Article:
After hitting the age of 45, David Kazachov started having trouble getting work.
When we say baby boomers are not good with technology and Generation Y don’t have enough experience, it becomes a self-fulfilling prophecy. – Associate Professor Leanne Cutcher
“It is even worse at the age of 50,” he says.
Despite extensive experience in the finance and IT industry, Mr Kazachov was surprised to be asked if he had a laptop after making it to the final stage of a recent job interview.
Well, of course he did, but there seemed to be an assumption behind the question that he was too old to be savvy with computer technology.
But as it turns out, ageism in the workforce is built on a faulty premise, according to leading Australian researchers of intergenerational employment.
Associate Professor Leanne Cutcher from the University of Sydney Business School is about to publish a new study that has found that contrary to stereotypes and assumptions, the most innovative companies are the ones where the age of employees does not matter.
One health engineering company that had a young chief executive officer appointing 65-year-old workers to new roles leading projects was among companies the researchers found to be the most innovative.
The multinational company, Siemens Healthcare, recognised that people had valuable experience to offer at all stages of their career.
Michael Shaw, the company’s chief executive, said Siemens “takes the best people for the job”.
“Personally, for me it’s not important if the person is in their 20s or in their 60s, I am simply looking for the best minds with the best attitude”, Mr Shaw said.
Associate Professor Cutcher said the company had recognised that the idea that younger people lack experience and older people have too much of it “is a nonsense” and “stifles” the exchange of innovative ideas.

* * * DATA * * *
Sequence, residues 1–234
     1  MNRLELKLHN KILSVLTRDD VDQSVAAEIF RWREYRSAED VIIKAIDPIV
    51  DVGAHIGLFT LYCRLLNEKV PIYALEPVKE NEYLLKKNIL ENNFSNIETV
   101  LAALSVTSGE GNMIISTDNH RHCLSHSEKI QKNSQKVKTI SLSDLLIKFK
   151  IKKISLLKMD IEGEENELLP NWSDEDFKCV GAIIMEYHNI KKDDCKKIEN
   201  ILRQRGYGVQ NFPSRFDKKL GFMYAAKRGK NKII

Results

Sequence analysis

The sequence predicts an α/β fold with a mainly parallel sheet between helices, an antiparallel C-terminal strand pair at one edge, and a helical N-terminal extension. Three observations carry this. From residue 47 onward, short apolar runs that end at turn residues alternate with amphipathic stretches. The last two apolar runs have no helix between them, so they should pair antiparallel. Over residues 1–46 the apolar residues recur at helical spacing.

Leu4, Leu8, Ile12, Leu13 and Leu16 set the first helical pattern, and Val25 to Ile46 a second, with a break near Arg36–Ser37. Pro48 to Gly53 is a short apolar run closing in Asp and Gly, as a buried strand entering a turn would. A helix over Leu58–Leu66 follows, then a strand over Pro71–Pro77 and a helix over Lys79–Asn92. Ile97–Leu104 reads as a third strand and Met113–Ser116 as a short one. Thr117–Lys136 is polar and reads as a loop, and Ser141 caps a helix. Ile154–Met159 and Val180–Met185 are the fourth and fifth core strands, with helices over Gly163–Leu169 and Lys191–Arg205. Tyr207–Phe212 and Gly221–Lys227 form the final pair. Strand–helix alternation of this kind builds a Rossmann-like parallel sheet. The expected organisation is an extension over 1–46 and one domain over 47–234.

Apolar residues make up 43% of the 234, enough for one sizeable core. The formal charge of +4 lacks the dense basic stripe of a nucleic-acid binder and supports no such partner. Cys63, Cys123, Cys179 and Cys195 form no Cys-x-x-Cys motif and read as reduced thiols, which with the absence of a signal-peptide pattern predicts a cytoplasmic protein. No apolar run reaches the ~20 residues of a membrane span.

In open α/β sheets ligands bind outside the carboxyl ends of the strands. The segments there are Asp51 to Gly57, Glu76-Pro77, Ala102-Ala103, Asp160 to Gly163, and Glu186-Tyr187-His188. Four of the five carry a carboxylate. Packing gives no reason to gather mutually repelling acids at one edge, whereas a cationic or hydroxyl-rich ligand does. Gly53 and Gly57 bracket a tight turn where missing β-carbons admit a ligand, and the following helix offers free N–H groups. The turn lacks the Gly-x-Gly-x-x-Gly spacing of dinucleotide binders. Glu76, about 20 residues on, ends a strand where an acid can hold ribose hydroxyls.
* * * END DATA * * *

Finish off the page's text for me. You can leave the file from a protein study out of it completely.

“Where age doesn’t matter, there is more innovation,” Associate Professor Cutcher says.
“When we say baby boomers are not good with technology and Generation Y don’t have enough experience, it becomes a self-fulfilling prophecy.
“Because people who have good ideas then don’t share them because they have been told they are too old.
“But you are just going to replicate the same ideas where you start labelling people as either too old or too young for a role. Where that is happening, it is stifling knowledge exchange.”
Associate Professor Cutcher said younger workers were positive about learning from older colleagues.
“We have this false idea that only young people can innovate and our research has found it has really big implications for the effectiveness of the organisations.”
“While there is robust evidence that older people can be part of a sustainable solution to job market challenges, existing and inaccurate perceptions of the Baby Boomer generation detract from the value of employing the over-50 population.”
Another new study to be released on Thursday by the Australian Seniors Insurance Agency reveals that age discrimination in the workplace is rife.
It found that close to half the Baby Boomer respondents claimed they have been turned down for a job since they turned 40.
The agency’s spokesman, Simon Hovell, said the study of 1200 people across Australia found three in five people over 50 said that they faced substantial obstacles in attempts to find a job.
More than two in five respondents said they felt stuck in rut because they felt a career change, opportunities or promotions were limited.
Baby Boomers said it took longer than six months to find a new job when making a career move. One in six said it took them five years or more to find a job.
Mr Hovell said Generation Y was costing up to $2.8 billion more than Baby Boomers a year to the Australian economy.
“Baby Boomers typically take three days sick leave on average per year, which doubles for Gen Y’s at an average of six days,” Mr Hovell said.
The research also found that more than three quarters of Baby Boomers adapt well to technological innovations, and 73 percent are actively seeking training opportunities.
“The findings point to what many organisations, academics and economists have known all along – Baby Boomers are a real asset to the workplace,” said Mr Hovell.